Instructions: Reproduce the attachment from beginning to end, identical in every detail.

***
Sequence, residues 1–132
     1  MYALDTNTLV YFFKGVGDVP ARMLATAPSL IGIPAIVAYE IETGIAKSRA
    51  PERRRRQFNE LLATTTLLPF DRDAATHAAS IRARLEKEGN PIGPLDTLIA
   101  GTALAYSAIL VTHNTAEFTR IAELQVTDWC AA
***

Sequence, residues 1–132
     1  MYALDTNTLV YFFKGVGDVP ARMLATAPSL IGIPAIVAYE IETGIAKSRA
    51  PERRRRQFNE LLATTTLLPF DRDAATHAAS IRARLEKEGN PIGPLDTLIA
   101  GTALAYSAIL VTHNTAEFTR IAELQVTDWC AA